Three weeks on Contextual Learning (CL) -Post 3

The main part of my internship consisted of assisting in a three week long Contextual Learning experience. Contextual Learning (CL) being experiential learning that takes place outside of the class room. I would be traveling with three teachers, a trekking guide, and twenty-one eighth graders from the Canadian International School. We would travel across Uttarakand in north east India. It would be a profound experience.

I started preparing almost as soon as I arrived at the Canadian International School (CIS). The CL group met every other Thursday to discuss and organize for the trip. At this time, I didn’t really know what to expect. I was one of three who were already at CIS working. Mrs. Lara Lindeman, the middle school math teacher with an infinitely expanding heart took point in guiding the prep meetings. Mr. Vishwas Kumar, an international baccalaureate Hindi teacher, also accompanied us and I started to get to know one of the funniest people I have ever met. At that time, I did not know any of the twenty-one students, but I could tell that they were going to be a great group. I’m not sure if the feeling was mutual initially. I was tasked with physical conditioning for the upcoming trekking expected on CL and may have tortured some of them in a few of our work out sessions. As the departure approached we made final tweaks to the travel game plan and I looked forward to the upcoming adventure!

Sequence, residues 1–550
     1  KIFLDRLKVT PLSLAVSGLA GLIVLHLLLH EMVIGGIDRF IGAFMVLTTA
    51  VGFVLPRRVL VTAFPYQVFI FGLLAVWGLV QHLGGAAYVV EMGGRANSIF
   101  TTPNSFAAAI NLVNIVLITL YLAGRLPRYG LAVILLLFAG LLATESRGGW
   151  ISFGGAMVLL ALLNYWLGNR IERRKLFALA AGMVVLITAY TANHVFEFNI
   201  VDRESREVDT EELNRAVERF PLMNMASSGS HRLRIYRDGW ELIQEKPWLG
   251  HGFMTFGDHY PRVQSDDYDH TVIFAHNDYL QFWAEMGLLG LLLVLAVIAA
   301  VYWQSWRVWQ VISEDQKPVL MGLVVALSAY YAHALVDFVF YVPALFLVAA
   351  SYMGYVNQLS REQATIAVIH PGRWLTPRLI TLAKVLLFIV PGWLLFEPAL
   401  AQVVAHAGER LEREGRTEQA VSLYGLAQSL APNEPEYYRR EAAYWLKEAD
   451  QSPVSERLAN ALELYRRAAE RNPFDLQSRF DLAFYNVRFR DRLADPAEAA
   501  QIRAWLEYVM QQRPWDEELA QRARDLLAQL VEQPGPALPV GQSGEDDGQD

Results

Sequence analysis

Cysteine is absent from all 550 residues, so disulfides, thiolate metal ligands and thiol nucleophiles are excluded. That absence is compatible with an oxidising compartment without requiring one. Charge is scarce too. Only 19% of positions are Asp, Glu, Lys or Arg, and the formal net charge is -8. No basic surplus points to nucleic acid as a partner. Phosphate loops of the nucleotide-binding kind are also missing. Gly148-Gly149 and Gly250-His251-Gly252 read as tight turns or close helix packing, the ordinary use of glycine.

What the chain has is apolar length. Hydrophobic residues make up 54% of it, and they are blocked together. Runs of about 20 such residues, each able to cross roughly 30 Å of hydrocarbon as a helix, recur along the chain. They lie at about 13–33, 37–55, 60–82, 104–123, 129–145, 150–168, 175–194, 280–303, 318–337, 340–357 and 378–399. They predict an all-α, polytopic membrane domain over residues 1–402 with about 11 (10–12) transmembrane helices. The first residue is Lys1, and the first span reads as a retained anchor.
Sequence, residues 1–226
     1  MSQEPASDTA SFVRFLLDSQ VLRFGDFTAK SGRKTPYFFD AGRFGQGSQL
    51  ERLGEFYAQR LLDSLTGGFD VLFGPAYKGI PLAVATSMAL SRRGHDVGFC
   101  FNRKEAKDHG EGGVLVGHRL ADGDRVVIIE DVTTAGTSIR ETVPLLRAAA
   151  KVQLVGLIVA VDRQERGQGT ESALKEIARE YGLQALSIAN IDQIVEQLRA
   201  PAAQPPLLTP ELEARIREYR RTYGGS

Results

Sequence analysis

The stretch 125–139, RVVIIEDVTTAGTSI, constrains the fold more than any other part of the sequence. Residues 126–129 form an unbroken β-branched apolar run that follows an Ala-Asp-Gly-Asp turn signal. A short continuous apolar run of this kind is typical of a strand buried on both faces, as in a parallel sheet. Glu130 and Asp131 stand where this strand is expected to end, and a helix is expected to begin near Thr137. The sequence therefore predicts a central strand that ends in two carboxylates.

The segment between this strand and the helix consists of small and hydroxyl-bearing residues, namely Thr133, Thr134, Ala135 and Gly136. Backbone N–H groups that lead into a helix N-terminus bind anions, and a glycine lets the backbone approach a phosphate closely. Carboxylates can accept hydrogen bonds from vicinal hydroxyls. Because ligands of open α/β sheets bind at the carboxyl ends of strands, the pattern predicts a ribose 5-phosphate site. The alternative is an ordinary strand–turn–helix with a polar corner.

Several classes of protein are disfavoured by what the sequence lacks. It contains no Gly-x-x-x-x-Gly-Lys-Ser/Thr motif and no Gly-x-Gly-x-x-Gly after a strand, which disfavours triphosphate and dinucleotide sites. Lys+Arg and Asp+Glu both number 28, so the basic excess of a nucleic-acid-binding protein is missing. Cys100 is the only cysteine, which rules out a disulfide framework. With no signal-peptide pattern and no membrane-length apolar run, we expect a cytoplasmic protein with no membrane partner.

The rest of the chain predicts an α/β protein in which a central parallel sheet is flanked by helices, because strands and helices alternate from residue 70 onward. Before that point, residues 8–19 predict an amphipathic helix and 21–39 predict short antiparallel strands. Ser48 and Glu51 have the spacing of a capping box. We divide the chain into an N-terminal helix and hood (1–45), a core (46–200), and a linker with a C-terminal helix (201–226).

At the airport, I met Colette Bertschy, a twenty-one-year-old Brown University student who would be spear heading the Contextual learning experience. Over the next three weeks I would come to respect and admire Collete for her quiet yet extremely composed leadership. I also met Nutty Natraj (who is lucky that we didn’t realize his first name is Nutty), co-owner of Adventure India Tours. Natraj has been leading treks in the Himalayas longer than I have been alive. He is a man with his heart in the right place, a man in touch with the environment, and would continually come through in keeping us all alive on the trip. As we met one another and parents alike, students gave their final hugs as the parents nervously eyed the teachers, looking for signs of trust before they sent their beloved child off into the wilderness. Five hours later we were landing in Dehradun at the base of the Himalayan mountain range.

Chris

Senior studying Philosophy at U of M. Likes: India and CIS. Dislikes: Extreme heat and spicy McDonalds

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